Penticton council shuffles meeting date and time

Penticton city council shifts regular meetings from Monday evening to Tuesday afternoon, limits set on public feedback and questions.

Along with shifting Penticton city council’s regular meetings from Monday evening to Tuesday afternoon, a new procedure bylaw also increased restrictions on the public’s ability to question and provide input to council.

According to the new bylaw, council sessions will shift to 1 p.m. on the first and third Tuesday of the month, starting with the Sept. 20 meeting. The public portions of the meeting will be broken up into two sections: council will deal with delegations and staff presentations not requiring a decision, along with committee, board and staff reports during the afternoon session before going in camera. At 6 p.m. council returns to the public for public hearings, bylaws and permits, land and other matters.

Along with those changes, corporate officer Dana Schmidt also updated rules regarding public input, with only four delegations per session, and only two delegations per topic, one for, and one against.

“That is just in hopes of making a topic complete and succinct all at once instead of having it meeting after meeting,” said Schmidt.

Mayor Andrew Jakubeit defended the two delegation limit when questioned whether some issues might be more nuanced than simple pro and con camps. That, he said, would be up to the people involved to deal with, using the recent discussion over wine in grocery stores as an example.

“… figure out who your spokesperson is going to be for your aligned groups and come with your messaging. If you are con, same thing,” said Jakubeit.

“Everyone has an opportunity to send letters or emails. That is one avenue.”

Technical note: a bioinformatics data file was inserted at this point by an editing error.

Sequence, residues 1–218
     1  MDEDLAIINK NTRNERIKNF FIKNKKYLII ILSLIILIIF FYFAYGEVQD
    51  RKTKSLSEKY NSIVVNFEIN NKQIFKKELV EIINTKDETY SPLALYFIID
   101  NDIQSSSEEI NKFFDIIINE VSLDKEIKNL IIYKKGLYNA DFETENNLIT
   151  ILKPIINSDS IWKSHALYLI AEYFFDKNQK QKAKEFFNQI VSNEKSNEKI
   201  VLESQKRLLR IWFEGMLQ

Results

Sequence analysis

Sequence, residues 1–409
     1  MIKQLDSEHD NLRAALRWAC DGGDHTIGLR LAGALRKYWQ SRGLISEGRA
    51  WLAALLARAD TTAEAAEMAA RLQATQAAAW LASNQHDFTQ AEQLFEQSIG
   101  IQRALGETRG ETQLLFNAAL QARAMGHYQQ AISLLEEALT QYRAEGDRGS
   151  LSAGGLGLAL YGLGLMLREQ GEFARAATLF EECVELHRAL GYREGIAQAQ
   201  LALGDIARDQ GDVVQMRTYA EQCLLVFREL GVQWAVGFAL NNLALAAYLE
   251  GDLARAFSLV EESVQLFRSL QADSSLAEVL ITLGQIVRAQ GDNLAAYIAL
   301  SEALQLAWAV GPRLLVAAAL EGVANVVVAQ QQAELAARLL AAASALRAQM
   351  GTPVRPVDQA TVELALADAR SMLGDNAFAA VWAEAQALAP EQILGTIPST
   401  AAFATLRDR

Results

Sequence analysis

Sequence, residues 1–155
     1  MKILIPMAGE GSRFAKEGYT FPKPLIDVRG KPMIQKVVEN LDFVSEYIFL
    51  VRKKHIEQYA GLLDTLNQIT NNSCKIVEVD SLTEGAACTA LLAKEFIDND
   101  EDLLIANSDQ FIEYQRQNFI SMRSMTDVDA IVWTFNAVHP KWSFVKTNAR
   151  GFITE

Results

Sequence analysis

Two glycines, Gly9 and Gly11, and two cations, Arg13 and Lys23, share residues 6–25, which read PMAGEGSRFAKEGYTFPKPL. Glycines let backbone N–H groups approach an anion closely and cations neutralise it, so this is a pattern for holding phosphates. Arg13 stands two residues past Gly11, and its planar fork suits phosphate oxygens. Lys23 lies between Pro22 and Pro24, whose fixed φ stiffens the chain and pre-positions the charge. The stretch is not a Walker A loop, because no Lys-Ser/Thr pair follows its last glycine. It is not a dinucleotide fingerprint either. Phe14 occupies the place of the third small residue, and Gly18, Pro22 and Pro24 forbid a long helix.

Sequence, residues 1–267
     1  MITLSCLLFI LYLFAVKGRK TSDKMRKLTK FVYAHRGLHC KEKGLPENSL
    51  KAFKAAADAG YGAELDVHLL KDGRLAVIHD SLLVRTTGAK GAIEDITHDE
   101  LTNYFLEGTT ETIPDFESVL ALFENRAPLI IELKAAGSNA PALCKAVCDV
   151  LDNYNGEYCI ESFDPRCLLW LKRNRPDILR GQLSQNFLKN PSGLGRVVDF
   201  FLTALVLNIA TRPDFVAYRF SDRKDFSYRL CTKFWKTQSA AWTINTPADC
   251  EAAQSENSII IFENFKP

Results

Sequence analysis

New limits to question period, with a 15-minute maximum for both public and media to question council, and a two-minute time limit for each question to be asked did draw some concern from council.

“I understand what we are trying to do, but everybody should at least have the opportunity to ask a question,” said Coun. Andre Martin, an attitude echoed by Couns. Campbell Watt and Helena Konanz.

“We may, if we limit it to 15 minutes, lose the ability to hear from someone who didn’t get a chance to speak. I don’t think I could support that,” said Watt. Council agreed to strike the 15-minute limit from the bylaw, which then passed unanimously.

During question period, Lynn Kelsey, a regular audience member, expressed concern that there would only be a single question period in the evening, after the two-part council meeting.

“There would be a necessity for me to be here at the 1 p.m. meeting and then to come back at 6 p.m. for the rest of it, in order to ask questions about the 1 p.m. meeting,” said Kelsey. “I think that needs a little bit of a rethink, because otherwise you are going to have people not knowing when they can ask questions or being extremely inconvenienced by having to come back to ask their questions.

“It doesn’t feel good at all. It is certainly not inclusive, it is very exclusive in terms of the public.”

Jakubeit agreed with Kelsey’s concerns, and said council would work on way to address the issue for both public and the media.

 

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